A&M launches Institute for Advanced Study
Feb 03, 2013 (Menafn - The Eagle - McClatchy-Tribune Information Services via COMTEX) --Texas A&M has launched a program that university officials hope will make College Station a destination for esteemed scholars worldwide.
The Texas A&M Institute for Advanced Study hosted a black-tie gala this month that honored the inaugural class of six National Academy- and Nobel-prize-caliber researchers from around the world.
The inductees included a Nobel Laureate and members of the National Academies of Engineering and of Science, as well as the American Academy of Arts and Sciences and one Fellow of the Royal Society.
Five of the six will temporarily relocate to College Station and one scholar will visit campus twice for lectures.
A&M hopes its program will emulate the Institute of Advance Study near Princeton, whose more famous members include Albert Einstein, Kurt Godel and Alan Turing. The gala formally set in motion what A&M officials hope will grow into a similarly renowned program.
The scholars are given a university stipend, the freedom to work on research of their choosing, the red carpet rolled out for them in College Station and the prestige of being named a TIAS scholar.
In return, A&M faculty get to research, learn and boost their own careers through partnerships with academia's elite, graduate students get to work with industry leaders and undergraduates can attend lectures from the scholars.
And maybe, just maybe, the scholars take a liking to A&M and consider relocating to College Station.
The scholars who attended the kickoff event were presented with an academic Heisman of sorts for the TIAS recognition -- a cast-metal replica of Rodin's The Thinker. The recipients were all smiles, had similar statements of being humbled by the recognition, and all touched on the uniqueness of A&M's TIAS program.
"It's a little hard to say what the significance is because it's the first class," said Jay C. Dunlap, one of the inaugural A&M scholars. "If you won the first Nobel Prize in 19-whatever-it-was, people would say 'Huh, that's interesting,' but now it's a really big deal. To be chosen for anything like this, especially to be chosen where people not only recognize but provide financial support for your actions, it's a very big deal. If TIAS develops the way it appears to be developing, then in the future this will really be a mark of real excellence on peoples' lists of credentials."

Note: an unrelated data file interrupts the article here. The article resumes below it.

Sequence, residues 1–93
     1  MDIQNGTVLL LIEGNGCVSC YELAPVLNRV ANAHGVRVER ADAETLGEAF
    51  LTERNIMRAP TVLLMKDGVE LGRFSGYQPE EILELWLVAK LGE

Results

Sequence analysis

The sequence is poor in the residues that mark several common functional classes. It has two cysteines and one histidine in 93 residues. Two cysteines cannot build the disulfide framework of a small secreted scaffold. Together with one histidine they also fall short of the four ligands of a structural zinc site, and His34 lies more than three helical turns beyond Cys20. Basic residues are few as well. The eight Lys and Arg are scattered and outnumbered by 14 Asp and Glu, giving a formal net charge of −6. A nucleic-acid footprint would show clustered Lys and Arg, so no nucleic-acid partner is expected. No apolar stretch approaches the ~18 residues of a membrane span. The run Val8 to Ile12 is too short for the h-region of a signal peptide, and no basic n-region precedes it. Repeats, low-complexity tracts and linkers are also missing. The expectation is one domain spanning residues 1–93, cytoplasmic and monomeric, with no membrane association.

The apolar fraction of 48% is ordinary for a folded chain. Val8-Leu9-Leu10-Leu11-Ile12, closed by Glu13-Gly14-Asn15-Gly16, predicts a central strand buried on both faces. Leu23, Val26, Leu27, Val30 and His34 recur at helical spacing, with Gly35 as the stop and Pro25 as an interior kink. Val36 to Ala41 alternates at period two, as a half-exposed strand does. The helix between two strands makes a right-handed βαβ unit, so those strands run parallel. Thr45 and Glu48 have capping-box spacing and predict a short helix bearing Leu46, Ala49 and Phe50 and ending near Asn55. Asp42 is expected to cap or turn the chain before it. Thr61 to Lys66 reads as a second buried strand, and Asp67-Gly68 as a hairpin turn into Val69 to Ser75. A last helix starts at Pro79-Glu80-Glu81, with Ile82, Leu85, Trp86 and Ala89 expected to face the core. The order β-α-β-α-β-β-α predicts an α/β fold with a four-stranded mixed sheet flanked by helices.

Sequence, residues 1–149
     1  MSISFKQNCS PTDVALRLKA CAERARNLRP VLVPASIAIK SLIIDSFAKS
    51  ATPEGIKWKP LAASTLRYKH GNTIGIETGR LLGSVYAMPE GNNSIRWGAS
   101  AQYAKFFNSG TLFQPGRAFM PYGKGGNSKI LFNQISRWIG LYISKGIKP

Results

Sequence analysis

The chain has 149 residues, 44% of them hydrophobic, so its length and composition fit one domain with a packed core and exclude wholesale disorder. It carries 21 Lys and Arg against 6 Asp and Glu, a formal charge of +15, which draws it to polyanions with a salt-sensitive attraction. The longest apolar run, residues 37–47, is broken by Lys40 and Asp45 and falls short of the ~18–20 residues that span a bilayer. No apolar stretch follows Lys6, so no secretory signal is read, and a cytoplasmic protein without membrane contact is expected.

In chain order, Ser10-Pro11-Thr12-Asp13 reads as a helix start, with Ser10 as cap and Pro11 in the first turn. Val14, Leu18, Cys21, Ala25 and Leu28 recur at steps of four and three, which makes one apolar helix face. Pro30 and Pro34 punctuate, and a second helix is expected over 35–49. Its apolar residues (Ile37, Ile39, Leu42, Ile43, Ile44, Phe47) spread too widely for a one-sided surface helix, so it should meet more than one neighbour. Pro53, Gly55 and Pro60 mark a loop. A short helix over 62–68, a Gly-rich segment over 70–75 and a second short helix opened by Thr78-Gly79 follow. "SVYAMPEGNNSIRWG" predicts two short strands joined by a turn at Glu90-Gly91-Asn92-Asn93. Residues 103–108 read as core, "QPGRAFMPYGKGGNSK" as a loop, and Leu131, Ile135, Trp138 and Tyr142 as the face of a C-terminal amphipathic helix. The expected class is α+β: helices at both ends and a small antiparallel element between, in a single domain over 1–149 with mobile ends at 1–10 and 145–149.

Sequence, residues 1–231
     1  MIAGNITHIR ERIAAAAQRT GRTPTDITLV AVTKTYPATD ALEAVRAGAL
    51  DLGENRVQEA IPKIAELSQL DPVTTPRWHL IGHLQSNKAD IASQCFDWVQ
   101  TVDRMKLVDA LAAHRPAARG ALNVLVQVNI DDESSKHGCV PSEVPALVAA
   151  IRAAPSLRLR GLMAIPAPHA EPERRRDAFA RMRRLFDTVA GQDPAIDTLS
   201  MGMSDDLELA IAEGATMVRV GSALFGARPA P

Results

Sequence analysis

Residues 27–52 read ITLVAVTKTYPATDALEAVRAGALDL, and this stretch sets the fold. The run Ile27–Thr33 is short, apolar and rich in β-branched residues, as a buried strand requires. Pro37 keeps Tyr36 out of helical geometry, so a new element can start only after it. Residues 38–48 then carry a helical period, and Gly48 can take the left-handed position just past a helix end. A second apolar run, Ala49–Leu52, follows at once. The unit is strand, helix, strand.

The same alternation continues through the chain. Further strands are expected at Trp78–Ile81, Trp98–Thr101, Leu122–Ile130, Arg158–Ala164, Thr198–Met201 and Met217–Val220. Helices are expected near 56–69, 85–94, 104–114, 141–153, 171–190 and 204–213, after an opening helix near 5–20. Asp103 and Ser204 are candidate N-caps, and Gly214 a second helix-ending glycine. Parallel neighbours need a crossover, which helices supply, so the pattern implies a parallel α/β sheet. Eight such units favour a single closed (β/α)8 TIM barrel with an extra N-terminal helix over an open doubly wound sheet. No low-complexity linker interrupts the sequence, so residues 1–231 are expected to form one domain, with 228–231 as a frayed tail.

The university has allocated 2 million per year for five years to the institute, which pays for two-thirds of the scholars' stipends and the institute's administrative costs. The other third of the stipend is picked up by the college that the scholar will be working with.
University faculty across all 10 colleges nominate prospective scholars for the program. A university board selects a grouping of finalists, and will take on, depending on who accepts, between six and 10 scholars.
The institute will host the scholars for three-month to one-year periods beginning at different times within the 2012 academic year. Two of the scholars, Dunlap, Nathan Smith professor and chair of the Department of Genetics at Dartmouth Medical School and Alan Needleman, professor of materials science and engineering at the University of North Texas, are already on campus.
Prospective scholars are not given prior notice of their nomination.
"We let them know that they've won a lottery they didn't know they were entered in," joked John Junkins, the founding director of TIAS.
University administrators are already reviewing nominations for TIAS' sophomore class and plan to have selections by the summer.
The gala realized an effort that has been in the works for more than a decade. Junkins, along with a group of distinguished A&M professors, have worked to create the program since 2000. TIAS was approved by the Board of Regents in 2010 and received a 5 million endowment through the Academic Scholars Enhancement program from Chancellor John Sharp.
The result is A&M faculty and students are working with elite of academia on combating fungal infections in plants and animals and designing failure-resistant material systems.
Dunlap is working with A&M researchers to better understand internal body clocks and fungal infections. The bulk of his work at A&M is focused on studying the fungi Neurospora alongside A&M faculty members Deborah Bell-Pedersen and Matthew Sachs.
Dunlap has worked with Neurospora since 1979 and has authored and co-authored more than 150 research papers.
"If you get a heart transplant for instance ... or a kidney transplant, your chance of dying from a fungal infection is astronomically higher," Dunlap said.
The potential benefits from the research are reducing fatality rates in animals and plants such as corn, wheat or rice.